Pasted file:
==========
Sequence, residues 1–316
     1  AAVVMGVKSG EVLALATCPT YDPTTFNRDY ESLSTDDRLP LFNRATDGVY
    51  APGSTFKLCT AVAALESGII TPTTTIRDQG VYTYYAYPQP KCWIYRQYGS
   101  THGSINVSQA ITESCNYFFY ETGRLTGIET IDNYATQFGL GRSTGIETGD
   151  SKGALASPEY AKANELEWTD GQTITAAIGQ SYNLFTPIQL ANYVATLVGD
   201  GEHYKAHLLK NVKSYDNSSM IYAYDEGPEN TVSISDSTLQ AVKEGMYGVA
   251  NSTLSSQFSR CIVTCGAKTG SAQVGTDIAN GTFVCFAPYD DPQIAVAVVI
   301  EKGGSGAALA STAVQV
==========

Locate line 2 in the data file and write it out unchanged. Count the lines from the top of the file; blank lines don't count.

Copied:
     1  AAVVMGVKSG EVLALATCPT YDPTTFNRDY ESLSTDDRLP LFNRATDGVY